And there is another worry: influence peddling. "Whenever any mob pulls down this kind of money, you have to be concerned about its possible political influence," says TIME's William Dowell. Especially when the mob in question is based in a country where capital is flying out of the country at hyper-speed and allegations of kickbacks and corruption permeate the government all the way to the office of President Boris Yeltsin. Those suspicions have led to speculation that Yeltsin's ongoing game of Whack-a-Mole with his cabinet is an attempt to ensure that a friendly, non-prosecutorial government will succeed him. So far, there are no allegations of wrongdoing by the Bank of New York, but the institution has suspended two executives believed to be connected to the case. One of them, Lucy Edwards, spoke at an international banking conference a few months ago. Her topic: "Money Laundering: Latest Developments and Regulations."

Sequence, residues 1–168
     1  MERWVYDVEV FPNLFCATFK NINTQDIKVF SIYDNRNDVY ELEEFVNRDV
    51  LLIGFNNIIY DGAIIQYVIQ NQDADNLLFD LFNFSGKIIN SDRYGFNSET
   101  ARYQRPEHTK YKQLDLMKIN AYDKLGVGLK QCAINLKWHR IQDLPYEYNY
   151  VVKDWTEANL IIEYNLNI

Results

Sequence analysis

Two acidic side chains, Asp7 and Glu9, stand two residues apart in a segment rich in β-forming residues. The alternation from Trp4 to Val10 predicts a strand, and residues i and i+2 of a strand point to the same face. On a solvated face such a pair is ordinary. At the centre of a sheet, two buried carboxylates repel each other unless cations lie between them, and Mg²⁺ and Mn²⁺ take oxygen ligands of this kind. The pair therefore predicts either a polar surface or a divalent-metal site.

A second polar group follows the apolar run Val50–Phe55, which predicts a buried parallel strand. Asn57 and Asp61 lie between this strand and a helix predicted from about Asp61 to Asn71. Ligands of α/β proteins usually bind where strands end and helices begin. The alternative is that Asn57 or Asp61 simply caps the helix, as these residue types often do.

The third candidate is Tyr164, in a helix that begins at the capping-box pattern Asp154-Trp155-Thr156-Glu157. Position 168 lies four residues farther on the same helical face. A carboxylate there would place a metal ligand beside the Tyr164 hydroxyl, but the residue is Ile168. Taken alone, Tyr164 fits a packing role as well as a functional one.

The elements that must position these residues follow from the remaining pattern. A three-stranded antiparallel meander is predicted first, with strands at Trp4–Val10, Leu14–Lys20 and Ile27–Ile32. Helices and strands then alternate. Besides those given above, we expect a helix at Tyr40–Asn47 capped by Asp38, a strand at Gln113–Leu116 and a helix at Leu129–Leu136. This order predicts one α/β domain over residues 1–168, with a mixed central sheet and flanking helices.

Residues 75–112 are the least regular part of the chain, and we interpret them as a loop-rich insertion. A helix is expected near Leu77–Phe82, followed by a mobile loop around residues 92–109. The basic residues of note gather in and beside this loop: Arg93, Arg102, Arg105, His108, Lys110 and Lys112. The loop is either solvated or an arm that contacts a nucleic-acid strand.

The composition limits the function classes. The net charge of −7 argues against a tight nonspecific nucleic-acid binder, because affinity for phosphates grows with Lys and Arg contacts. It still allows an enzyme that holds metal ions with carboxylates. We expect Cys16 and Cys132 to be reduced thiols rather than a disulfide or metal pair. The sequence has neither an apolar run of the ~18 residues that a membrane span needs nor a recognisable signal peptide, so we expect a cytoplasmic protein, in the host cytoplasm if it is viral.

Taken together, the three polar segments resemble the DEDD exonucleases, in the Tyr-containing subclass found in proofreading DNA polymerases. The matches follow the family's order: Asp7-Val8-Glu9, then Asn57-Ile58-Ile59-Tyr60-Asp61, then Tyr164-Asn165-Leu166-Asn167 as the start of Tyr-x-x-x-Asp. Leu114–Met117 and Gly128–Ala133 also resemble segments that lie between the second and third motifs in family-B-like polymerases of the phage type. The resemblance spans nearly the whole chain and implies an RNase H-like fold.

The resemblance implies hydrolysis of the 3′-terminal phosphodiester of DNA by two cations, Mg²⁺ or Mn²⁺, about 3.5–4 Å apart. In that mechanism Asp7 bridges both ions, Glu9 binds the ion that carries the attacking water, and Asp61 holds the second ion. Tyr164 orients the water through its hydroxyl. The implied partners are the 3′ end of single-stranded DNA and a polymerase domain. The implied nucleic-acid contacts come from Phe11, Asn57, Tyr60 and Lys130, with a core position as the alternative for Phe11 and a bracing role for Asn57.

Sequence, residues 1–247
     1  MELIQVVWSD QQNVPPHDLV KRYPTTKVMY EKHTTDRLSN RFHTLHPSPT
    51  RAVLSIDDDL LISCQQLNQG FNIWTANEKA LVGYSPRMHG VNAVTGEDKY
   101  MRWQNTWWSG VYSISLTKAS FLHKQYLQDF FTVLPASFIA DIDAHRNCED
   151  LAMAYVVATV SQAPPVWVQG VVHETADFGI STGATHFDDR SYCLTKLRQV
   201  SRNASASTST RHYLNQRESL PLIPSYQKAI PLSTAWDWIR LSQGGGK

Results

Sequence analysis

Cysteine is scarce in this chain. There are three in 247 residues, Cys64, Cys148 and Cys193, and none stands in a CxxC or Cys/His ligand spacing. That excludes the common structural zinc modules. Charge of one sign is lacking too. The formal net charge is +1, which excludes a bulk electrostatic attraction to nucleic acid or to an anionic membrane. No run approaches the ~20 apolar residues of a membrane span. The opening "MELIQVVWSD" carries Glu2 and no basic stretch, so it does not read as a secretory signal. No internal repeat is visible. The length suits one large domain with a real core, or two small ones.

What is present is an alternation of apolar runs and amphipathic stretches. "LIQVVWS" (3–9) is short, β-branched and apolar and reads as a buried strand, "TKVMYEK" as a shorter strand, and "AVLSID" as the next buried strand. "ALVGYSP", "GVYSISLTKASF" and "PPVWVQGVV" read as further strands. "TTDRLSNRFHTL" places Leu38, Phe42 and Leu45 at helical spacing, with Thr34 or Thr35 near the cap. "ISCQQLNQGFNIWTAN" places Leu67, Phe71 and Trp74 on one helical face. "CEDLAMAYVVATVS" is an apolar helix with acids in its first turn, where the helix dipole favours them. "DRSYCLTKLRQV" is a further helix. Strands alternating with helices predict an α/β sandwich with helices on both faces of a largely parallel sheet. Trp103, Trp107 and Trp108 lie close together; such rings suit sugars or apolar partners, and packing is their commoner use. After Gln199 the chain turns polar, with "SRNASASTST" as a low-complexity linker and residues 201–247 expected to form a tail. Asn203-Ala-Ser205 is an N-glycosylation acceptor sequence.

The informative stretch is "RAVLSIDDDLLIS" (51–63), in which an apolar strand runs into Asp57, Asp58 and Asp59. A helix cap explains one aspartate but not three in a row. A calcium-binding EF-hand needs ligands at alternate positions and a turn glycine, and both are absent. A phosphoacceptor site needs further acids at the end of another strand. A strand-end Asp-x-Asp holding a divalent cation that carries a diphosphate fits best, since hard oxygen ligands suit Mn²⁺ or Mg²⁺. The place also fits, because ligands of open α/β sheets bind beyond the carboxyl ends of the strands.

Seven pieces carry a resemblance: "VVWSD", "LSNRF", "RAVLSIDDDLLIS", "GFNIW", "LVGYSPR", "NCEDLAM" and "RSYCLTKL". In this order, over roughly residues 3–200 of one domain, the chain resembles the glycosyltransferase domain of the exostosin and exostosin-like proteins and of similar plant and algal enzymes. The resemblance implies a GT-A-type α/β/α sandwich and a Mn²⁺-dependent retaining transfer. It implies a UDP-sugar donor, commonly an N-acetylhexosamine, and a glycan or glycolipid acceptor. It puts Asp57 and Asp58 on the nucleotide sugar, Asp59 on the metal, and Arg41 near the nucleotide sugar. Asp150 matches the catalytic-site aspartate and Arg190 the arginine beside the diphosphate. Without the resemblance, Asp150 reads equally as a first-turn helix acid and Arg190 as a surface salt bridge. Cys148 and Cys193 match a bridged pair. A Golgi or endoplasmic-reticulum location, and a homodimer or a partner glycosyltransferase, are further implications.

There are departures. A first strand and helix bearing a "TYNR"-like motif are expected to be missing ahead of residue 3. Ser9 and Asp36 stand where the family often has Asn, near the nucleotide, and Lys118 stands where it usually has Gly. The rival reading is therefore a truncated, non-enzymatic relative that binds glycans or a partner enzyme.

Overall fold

They weren't the kind of deposit one slips through the slot at the ATM. According to the New York Times, Russian mobsters are thought to have laundered billions of dollars through an old-line American financial institution, the Bank of New York. Investigators, tipped off by British authorities, spotted some $4.2 billion flowing through one account in more than 10,000 transactions from October to March of this year. The total could be as high as a staggering $10 billion — double the size of Russia's latest IMF bailout check. The target of investigators is Semyon Yukovich Mogilevich, a shadowy figure with an estimated net worth of over $100 million and the usual mobster résumé — arms trafficking, extortion, prostitution, and now, maybe, money laundering.